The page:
Ferrari 375 MM Racecar

Conceived and built as a pure endurance race car, the Ferrari 375 MM Racecar further propagated Ferrari’s growing reputation as a maker of true dual-purpose machines. At the same time, it cemented Pinin Farina as Ferrari’s coachbuilder of choice.

The Ferrari 375 MM appeared first at Le Mans in 1953. It essentially was a 340 MM chassis fitted with a 340-horsepower 4.5-liter V-12 derived from the engine used for Ferrari’s aborted Indianapolis 500 project.

The Ferrari 375 MM would make Pinin Farina the Ferrari coachbuilder of choice.
The Ferrari 375 MM would make Pinin Farina the Ferrari coachbuilder of choice.
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Pinin Farina designs clothed virtually every one, and a 375 MM berlinetta (chassis 0318 AM) set a lap record in the ’53 24 Hours, but retired after its clutch failed. A later 375 MM (0358 AM), with slightly revised bodywork and grille, finished fourth overall at Mexico’s Carrera Panamericana road race. That gave Ferrari the first international sports-racing title, the Constructors Sports World Championship.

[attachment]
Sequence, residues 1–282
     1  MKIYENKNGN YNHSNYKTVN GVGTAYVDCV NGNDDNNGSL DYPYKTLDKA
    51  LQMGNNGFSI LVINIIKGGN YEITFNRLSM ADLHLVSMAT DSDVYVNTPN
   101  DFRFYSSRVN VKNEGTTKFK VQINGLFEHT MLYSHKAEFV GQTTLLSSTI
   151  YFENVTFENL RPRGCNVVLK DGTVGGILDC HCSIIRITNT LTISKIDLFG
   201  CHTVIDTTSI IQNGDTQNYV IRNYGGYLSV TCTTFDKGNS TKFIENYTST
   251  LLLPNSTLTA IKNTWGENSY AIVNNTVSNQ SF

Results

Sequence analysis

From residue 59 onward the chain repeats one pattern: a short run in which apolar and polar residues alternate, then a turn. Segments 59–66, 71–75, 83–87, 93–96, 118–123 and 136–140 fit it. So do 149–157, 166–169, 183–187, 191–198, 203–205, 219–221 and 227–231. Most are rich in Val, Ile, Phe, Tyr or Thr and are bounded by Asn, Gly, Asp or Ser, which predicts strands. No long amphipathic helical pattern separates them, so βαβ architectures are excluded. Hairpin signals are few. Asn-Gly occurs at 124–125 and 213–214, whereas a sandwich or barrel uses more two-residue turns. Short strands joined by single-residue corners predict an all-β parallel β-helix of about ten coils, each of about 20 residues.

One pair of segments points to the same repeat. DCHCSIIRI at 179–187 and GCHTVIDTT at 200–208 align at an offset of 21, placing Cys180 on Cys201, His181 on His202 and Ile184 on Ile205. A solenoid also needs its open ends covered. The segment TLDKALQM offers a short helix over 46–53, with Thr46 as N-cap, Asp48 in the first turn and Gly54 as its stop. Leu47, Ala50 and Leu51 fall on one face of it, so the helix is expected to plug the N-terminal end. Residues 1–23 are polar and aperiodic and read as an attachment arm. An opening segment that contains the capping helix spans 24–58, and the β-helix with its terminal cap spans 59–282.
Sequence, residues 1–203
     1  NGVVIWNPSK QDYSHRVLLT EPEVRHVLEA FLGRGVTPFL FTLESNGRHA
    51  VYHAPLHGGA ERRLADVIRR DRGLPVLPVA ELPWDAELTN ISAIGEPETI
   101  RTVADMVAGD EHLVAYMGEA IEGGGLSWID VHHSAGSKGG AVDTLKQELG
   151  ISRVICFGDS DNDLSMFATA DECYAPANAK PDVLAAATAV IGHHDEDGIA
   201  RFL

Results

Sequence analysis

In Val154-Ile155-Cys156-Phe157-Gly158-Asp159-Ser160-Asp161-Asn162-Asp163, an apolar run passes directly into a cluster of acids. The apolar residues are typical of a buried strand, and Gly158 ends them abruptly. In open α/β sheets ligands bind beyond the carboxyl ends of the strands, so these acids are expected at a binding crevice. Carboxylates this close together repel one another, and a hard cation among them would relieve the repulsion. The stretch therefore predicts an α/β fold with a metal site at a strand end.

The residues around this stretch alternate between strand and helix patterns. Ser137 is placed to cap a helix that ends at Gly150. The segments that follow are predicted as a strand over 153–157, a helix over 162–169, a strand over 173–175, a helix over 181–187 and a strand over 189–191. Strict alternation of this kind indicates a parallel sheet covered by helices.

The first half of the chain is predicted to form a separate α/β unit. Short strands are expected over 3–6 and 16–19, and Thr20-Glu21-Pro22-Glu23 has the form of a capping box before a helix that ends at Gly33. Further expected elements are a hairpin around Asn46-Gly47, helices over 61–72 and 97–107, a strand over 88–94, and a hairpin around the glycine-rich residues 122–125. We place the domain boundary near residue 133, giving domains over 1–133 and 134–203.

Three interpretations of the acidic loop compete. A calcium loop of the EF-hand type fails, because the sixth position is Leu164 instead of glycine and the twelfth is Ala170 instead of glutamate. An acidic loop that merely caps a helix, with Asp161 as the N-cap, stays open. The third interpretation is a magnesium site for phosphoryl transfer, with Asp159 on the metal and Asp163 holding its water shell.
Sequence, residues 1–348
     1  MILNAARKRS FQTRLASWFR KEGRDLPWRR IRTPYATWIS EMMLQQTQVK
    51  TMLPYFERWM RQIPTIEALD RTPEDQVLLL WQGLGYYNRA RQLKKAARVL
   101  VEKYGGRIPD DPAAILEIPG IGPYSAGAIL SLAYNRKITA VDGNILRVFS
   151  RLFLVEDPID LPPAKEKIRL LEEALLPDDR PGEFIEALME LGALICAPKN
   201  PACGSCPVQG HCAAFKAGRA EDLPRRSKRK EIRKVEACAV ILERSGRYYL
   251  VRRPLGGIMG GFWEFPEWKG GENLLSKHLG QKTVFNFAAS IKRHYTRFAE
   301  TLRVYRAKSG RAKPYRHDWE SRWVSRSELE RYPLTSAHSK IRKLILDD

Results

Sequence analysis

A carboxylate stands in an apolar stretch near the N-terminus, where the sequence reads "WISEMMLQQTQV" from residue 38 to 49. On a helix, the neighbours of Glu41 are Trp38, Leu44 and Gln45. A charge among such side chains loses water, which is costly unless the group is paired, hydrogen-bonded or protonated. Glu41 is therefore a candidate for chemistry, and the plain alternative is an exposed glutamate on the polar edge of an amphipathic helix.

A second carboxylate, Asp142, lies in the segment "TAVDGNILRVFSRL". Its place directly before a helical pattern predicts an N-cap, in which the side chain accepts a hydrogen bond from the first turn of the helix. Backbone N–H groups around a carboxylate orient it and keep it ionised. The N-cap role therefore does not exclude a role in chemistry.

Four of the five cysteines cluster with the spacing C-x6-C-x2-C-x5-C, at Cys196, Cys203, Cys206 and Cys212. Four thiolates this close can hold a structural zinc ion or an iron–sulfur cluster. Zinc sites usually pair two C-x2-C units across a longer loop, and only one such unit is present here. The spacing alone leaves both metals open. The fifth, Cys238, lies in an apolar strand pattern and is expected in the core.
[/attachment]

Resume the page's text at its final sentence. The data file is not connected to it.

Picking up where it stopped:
In addition to the Ferrari 375 MM berlinettas, Pinin Farina made a series of Ferrari 375 MM spyders. The first, for American driver James Kimberly, had a “pontoon” front-fender design that would become a feature on later Ferrari endurance-racers. The balance of 375 MM spyder production used a traditional fender treatment.

The Ferrari 375 MM Racecars played an integral role in securing Ferrari another Sports World Championship in 1954. One was victorious in the season’s first race at Buenos Aires. Another was a top-10 finisher at the Carrera Panamericana.

Winning both Le Mans and the Carrera Panamericana in 1954 was the Ferrari 375 Plus. This open-cockpit Ferrari also had Pinin Farina coachwork. It looked nearly identical to the 375 MM spyders save revised rear coachwork with a larger center bulge to accommodate a new fuel tank nestled above the De Dion rear end. Underhood was a V-12 of 4954cc.

So desirable were the Ferrari 375 MM Racecar and 375 Plus that a number of berlinetta and spyder versions were made for the street. The chassis was also used for several stupendous one-off design exercises, all helping to nourish Ferrari’s standing as a constructor of the world’s foremost high-performance cars.

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